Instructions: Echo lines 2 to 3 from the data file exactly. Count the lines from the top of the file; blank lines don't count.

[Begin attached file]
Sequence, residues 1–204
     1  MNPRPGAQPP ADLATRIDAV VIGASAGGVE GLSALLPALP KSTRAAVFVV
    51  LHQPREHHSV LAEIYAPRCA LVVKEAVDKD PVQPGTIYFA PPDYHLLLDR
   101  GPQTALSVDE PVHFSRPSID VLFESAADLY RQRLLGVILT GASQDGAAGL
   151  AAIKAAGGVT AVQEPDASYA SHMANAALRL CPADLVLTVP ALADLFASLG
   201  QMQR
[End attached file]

     1  MNPRPGAQPP ADLATRIDAV VIGASAGGVE GLSALLPALP KSTRAAVFVV
    51  LHQPREHHSV LAEIYAPRCA LVVKEAVDKD PVQPGTIYFA PPDYHLLLDR